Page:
San Diego Symphony Joins Internet Start-Up to Offer Concerts as Downloads

Classic Arts News   San Diego Symphony Joins Internet Start-Up to Offer Concerts as Downloads
The San Diego Symphony has partnered up with to offer live recordings of its concerts as digital downloads. The first orchestra to join InstantEncore, the SDS will start with offering its live recording of Schumann's Symphony No. 2 for $3.59.

"What we're doing is something that others may eventually follow," orchestra executive director Edward B. "Ward" Gill told the Union-Tribune of San Diego. "It's the wave of the future."

Gill said the partnership would "absolutely" improve attendance. Though the SDS's Pops concerts are successful, average attendance to its main series at Copley Symphony Hall, Jacobs' Masterworks, dropped from 68 percent to 62 percent between 2005 and 2007. "I think there will be a direct correlation between the number of hits on InstantEncore and the number of ticket sales at Symphony Hall," he said.

Gill also anticipates reaching an agreement with the orchestra's musicians in the next few months. "The good part is that [they] want us to do this," he said. "They're willing to give authorization."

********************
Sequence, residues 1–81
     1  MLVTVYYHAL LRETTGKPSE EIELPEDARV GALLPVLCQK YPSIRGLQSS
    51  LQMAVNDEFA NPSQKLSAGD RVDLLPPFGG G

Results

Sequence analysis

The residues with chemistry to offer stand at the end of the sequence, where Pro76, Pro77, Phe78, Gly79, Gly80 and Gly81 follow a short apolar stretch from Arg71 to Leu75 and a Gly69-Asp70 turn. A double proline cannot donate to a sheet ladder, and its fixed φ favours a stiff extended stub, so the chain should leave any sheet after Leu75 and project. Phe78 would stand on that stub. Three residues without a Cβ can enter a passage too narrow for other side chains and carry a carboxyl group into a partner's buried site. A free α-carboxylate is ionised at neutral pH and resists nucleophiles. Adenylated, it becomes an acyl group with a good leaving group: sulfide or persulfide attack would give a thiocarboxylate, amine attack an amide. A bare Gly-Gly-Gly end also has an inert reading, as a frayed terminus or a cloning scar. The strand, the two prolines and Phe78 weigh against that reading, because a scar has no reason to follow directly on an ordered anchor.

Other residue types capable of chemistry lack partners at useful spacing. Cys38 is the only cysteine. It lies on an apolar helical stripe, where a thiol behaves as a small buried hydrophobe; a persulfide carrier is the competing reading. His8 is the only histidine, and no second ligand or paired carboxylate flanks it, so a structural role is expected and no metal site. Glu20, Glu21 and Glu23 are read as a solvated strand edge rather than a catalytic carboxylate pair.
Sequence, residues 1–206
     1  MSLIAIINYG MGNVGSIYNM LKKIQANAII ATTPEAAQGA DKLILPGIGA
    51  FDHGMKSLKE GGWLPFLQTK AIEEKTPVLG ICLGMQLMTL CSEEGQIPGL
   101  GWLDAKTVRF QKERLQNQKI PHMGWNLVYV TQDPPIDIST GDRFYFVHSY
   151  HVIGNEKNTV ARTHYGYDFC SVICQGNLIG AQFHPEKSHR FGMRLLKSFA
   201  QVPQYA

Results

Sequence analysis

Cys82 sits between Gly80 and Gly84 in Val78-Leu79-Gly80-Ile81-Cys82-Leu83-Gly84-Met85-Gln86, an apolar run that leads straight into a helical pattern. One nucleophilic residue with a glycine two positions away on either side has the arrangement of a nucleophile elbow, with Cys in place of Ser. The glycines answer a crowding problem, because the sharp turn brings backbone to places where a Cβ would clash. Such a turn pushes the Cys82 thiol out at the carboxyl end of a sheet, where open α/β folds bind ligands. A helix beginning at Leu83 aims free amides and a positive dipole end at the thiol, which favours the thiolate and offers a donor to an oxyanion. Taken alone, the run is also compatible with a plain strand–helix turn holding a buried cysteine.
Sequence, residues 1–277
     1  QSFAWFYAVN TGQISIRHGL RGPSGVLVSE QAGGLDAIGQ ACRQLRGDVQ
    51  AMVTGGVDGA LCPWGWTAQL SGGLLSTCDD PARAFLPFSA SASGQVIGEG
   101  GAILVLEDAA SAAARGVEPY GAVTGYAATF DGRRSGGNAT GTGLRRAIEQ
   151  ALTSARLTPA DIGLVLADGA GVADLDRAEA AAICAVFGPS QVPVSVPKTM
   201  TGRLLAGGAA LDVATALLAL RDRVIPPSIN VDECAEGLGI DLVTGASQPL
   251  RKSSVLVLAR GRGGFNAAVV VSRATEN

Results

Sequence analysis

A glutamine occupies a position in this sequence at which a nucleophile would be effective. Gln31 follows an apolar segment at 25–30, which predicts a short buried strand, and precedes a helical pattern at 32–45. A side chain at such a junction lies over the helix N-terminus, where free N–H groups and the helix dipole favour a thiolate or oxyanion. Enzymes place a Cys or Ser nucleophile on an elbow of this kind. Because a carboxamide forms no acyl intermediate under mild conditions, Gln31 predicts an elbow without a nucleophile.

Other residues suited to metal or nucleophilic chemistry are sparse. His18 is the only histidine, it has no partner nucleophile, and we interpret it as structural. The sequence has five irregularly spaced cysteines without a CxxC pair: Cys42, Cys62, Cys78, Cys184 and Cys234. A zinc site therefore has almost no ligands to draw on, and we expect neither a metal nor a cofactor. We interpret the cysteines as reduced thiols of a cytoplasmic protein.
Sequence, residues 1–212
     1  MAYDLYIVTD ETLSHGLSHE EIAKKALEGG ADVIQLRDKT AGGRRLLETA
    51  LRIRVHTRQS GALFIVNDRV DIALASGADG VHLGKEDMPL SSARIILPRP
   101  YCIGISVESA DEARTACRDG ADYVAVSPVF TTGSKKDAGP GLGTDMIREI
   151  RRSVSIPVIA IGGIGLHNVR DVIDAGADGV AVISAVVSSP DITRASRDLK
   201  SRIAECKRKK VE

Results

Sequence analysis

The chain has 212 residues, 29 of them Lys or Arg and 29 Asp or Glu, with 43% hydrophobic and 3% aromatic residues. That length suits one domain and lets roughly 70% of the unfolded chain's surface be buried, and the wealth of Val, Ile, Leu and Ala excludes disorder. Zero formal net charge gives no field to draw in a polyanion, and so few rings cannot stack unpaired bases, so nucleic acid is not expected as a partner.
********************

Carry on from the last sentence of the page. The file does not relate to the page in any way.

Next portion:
The SDS plans to have up to 30 programs online by the year's end; streaming audio of future concerts, live or delayed, is also in the works.

"We're not proposing that we eliminate the beauty of live performances," added Gill. "We're just saying that we should extend the experience as broadly and deeply as possible.", whose aim is to extend the concert experience beyond the concert hall itself through audio and video streaming, was founded last year by Manhattan School of Music cello faculty member Margot T. Drakos and San Diego-based venture capitalist William Stensrud. Drakos was initially inspired by a dream in which she was able to purchase digital recordings of a concert she had just attended at Lincoln Center. Stensrud experienced firsthand the connection between the audience and musicians when he was a roadie in 1967 for the Grateful Dead, who encouraged concertgoers to record their performances.

"That really energized the audience," Stensrud told the Union-Tribune. "People became consumers not through some generic recording but through a performance they happened to witness."

The SDS's recording of Schumann's Symphony No. 2 was made last month and includes program notes. Also posted on InstantEncore are an upcoming concert schedule and link to buy tickets for the Jacobs' Masterworks Series.

Other musicians and organizations that have joined InstantEncore so far include the Miami String Quartet, violinist Soovin Kim, pianists Rohan De Silva and Akira Eguchi, the Cleveland International Piano Competition and the International Violin Competition of Indianapolis.

"We want to set the standard and be the YouTube for classical music — the place where people go to learn about experiencing classical music," said Stensrud.

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